Mudlark No. 55 (2014)

One Day, Mahabalipuram

1. Dawn

On palm-lined residential streets, mothers and daughters kneel 
outside their homes in the concord of early morning. 

I listen to the tinkling bells encircling their ankles
as they trace the vivid symmetries of fish, birds and blossoms. 

Chalk drawings arranged for the gods who adore the colored dust 
and whatever will become of us.

II.  Noon	
Sand in woven baskets across their arms, sand in metal buckets 
steadied upon their heads. Gaunt women in saris work construction: 
back and forth and back through the midday swelter. 
I lurch along the dusty streets in a heat-induced daze,
wishing only to enter the vellum pages of an illuminated book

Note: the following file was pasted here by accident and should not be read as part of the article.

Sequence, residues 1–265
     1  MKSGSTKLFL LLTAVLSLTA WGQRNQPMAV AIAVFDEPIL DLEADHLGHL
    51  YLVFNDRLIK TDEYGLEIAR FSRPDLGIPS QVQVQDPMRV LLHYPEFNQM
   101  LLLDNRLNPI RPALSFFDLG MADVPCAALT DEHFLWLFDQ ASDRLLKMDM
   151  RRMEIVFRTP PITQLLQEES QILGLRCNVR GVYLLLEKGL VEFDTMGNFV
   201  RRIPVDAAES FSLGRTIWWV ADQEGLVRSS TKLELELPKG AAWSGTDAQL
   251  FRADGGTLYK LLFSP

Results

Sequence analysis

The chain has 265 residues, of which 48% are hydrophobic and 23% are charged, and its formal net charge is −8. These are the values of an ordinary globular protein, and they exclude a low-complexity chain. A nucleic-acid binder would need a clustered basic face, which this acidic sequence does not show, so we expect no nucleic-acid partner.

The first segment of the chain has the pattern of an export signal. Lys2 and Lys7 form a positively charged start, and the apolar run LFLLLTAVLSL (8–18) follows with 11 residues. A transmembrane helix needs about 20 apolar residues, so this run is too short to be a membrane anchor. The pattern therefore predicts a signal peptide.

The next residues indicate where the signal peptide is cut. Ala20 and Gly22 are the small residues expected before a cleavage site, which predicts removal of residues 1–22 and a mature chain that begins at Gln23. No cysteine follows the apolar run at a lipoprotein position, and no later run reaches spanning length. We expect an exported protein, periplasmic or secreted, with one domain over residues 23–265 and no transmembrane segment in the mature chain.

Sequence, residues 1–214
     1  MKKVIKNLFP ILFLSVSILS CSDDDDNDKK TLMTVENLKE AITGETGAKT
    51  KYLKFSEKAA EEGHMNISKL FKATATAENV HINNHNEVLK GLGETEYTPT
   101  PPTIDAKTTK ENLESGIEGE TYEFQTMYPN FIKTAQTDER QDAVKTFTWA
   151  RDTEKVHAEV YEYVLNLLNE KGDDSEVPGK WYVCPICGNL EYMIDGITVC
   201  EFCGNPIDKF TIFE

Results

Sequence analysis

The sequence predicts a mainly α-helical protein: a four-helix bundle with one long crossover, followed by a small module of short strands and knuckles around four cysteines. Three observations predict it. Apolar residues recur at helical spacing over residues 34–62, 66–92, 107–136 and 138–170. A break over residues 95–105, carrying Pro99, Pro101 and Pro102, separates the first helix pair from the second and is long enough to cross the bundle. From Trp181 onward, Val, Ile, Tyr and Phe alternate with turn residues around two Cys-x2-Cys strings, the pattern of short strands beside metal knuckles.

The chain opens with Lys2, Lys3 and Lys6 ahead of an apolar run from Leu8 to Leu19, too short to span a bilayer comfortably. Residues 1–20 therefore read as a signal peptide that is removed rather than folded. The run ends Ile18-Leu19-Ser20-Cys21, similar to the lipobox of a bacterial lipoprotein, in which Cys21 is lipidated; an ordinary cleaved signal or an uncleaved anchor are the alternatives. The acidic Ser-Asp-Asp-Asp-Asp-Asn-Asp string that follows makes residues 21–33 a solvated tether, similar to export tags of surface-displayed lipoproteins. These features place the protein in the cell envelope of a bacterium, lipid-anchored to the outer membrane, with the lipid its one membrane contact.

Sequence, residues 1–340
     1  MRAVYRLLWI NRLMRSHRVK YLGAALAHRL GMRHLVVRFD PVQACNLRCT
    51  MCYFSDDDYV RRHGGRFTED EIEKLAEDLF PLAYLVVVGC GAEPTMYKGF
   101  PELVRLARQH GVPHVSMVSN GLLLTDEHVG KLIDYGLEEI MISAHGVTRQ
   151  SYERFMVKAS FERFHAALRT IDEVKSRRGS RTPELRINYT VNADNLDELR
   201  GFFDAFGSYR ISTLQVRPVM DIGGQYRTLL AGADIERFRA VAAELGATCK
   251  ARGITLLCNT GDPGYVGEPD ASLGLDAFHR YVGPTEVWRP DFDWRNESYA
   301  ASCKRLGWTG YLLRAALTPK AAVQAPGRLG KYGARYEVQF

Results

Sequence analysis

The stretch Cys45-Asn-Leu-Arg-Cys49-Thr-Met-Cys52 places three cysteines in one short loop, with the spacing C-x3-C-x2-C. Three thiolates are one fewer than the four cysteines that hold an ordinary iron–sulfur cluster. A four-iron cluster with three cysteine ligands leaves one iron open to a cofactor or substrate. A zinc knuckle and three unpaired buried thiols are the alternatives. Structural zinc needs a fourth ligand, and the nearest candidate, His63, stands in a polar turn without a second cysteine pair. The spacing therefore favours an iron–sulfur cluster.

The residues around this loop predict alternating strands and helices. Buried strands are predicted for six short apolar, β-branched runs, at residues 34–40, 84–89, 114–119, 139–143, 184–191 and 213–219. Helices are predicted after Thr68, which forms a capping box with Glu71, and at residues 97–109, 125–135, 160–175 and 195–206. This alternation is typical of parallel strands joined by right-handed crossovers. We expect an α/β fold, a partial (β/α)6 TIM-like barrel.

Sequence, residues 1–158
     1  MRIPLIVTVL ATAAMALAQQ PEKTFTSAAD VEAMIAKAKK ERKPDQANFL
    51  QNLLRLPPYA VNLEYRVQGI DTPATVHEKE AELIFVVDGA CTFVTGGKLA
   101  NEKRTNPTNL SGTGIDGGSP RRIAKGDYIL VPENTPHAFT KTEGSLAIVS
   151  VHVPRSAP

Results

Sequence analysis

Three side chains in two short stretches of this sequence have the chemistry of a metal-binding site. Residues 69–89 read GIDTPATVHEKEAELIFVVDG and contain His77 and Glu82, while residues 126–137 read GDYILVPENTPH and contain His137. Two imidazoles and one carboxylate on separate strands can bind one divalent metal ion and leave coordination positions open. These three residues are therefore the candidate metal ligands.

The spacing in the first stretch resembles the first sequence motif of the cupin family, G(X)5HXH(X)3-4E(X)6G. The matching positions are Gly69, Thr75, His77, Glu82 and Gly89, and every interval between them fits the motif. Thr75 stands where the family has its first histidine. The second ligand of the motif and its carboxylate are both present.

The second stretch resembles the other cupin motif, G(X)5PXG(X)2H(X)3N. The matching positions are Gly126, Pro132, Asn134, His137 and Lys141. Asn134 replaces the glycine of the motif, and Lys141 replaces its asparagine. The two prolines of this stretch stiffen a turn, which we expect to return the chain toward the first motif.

where hallowed lovers loll within their hedgerow garden, 
inhaling jasmine, serving each other apricots from silken fingers. 

III.  Dusk 

The chink of chisels from the roadside shops: 
metal on granite, the chipping of flint. 

A massive Shiva sanded by eight simultaneous hands, 
clothed in a placenta of its own dust. 

The guardians protecting the Shore 
Temple have been effaced by briny winds. 

Hence the task of mortal work— 
reveal the gods: the almond of each eye, 

the spiral of each ear, prepare for 
their ascension on the stone chariots of sunset.

Peter Marcus | The Mingun Bell
Contents | Mudlark No. 55 (2014)